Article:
Of course, Loyd knew his $1000 was safe for the puzzle cannot be solved. The craze swept America where employers put up notices prohibiting playing the puzzle during office hours. In Germany it was played by Deputies in the Reichstag while in France it was described as a greater scourge than alcohol or tobacco. Another of Loyd's famous puzzles was called "Get off the Earth" and was produced many years after the 15 Puzzle. Here is Loyd's own description of the puzzle taken from the January 1908 part of the Strand magazine: It consisted of two concentric pieces of cardboard, fastened together so that the smaller inner one, which was circular, moved slightly backwards and forward, on a pivot, producing the mystery. As you looked at them, there were thirteen Chinamen plainly pictured. Move the inner card around a little and only twelve Chinamen remained. You couldn't tell what had become of the other Chinaman, try as you would. Scientists tried it without success, and indeed no single absolutely correct analysis was ever submitted.
We have talked about mathematical puzzles invented by Lloyd. This includes the cryptarithm [Click HERE for an example] a type of puzzle which he invented. As always he gave a colourful description (and a cartoon which we have not reproduced) to go with the puzzle: The archaeologist is examining a completed problem in long division, engraved on a sandstone boulder. due to weathering of the rock, most of the figures are no longer legible. Fortunately the eight legible digits provide enough information to enable you to supply the missing figures.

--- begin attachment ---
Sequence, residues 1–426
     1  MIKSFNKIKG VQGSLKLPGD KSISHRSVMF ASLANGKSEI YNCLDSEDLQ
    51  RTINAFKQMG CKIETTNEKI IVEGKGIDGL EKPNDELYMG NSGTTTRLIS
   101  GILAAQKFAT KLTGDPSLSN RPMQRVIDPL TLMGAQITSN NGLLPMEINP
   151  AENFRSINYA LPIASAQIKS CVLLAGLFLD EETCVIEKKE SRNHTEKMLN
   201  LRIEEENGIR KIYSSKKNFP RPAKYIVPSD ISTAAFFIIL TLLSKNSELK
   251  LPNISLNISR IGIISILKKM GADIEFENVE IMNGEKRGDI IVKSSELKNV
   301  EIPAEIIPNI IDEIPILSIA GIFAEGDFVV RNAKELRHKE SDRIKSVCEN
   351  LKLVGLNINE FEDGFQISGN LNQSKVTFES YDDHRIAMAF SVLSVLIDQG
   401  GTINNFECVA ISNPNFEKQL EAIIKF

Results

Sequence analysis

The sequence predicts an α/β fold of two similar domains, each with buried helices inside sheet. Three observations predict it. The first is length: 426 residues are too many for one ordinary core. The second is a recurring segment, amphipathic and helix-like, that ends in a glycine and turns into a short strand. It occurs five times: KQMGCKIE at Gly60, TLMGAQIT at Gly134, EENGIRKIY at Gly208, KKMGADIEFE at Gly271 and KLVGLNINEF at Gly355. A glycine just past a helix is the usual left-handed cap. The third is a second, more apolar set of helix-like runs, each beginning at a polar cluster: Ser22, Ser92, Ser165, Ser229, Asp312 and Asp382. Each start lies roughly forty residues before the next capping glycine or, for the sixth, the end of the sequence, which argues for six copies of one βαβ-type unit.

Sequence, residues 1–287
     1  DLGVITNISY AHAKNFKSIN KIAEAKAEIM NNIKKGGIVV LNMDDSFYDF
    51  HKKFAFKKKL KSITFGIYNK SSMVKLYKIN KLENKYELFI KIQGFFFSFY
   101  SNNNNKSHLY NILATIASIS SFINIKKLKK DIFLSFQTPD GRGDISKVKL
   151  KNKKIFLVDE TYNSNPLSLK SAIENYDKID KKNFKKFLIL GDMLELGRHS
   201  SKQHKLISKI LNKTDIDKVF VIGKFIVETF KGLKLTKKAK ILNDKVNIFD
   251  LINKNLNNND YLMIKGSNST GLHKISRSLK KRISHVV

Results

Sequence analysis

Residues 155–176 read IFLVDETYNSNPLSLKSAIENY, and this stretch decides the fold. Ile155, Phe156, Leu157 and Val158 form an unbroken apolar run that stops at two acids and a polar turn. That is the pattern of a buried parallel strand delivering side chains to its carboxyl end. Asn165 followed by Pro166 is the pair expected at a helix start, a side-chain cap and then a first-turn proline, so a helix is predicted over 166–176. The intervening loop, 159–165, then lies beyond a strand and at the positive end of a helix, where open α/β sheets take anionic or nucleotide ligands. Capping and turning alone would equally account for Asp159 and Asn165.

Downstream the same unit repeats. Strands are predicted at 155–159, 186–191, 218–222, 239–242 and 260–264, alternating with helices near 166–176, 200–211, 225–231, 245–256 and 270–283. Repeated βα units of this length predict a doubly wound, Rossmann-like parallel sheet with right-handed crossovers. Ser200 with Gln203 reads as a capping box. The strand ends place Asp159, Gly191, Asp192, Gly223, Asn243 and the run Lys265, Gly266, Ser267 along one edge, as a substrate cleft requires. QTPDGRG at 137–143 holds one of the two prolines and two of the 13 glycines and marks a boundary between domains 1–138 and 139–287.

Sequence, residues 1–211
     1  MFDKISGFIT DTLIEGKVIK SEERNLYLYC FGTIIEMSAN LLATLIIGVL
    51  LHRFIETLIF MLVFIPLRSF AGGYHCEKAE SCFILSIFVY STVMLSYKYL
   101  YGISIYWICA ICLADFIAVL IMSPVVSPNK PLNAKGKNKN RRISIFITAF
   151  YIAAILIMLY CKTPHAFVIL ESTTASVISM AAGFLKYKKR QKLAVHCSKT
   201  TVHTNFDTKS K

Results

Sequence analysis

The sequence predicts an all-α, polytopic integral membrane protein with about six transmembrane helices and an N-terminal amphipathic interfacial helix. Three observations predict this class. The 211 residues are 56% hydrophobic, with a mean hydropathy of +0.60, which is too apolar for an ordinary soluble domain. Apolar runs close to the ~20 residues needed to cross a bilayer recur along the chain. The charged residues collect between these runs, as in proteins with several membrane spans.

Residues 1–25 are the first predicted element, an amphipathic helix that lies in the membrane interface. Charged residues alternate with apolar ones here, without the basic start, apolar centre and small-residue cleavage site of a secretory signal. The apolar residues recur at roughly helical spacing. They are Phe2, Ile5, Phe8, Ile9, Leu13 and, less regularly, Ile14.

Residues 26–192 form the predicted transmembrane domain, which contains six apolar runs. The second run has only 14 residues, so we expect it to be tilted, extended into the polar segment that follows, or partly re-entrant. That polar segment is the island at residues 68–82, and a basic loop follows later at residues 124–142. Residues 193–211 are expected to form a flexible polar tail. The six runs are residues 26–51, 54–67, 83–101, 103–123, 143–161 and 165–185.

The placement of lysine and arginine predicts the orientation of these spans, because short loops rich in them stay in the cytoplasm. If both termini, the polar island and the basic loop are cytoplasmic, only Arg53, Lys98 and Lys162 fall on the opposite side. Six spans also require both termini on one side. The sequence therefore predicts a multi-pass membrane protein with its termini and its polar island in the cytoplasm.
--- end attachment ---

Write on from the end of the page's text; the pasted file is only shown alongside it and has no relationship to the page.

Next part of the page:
At first sight one would not expect there to be a unique solution to this problem, but Loyd was well aware that a logical argument would find the one and only one solution. Not only did Loyd produce puzzles, he also gave performances of tricks. He was a skilled ventriloquist and later in his life performed on stage with his son who appeared able to read his mind, but actually mimed while Loyd used his ventriloquist skills to make his son appear to give correct answers. Loyd produced over 10 000 puzzles in his lifetime many involving sophisticated mathematical ideas. The author of writes: Loyd had a real gift  such as that shown in the 'Curiosa Mathematica' of the Rev C L Dodgson ...  for the fantastic in mathematical science, and had he devoted himself to making use of it, might have earned fame as an investigator in the vast and poetic region of pure mathematics, a worthy follower of Cayley and Sylvester .
Alain C White wrote Sam Loyd and his Chess Problems (1913) and in it he writes: Ideas came to [Loyd] with great fecundity, often too rapidly for him to analyse them completely. Yet his powers for rapid analysis were almost unrivalled. He could see an idea from many sides at once; first always from the point of view of a puzzle, then from the humorous standpoint, finally from the artistic aspect.
Source:School of Mathematics and Statistics University of St Andrews, Scotland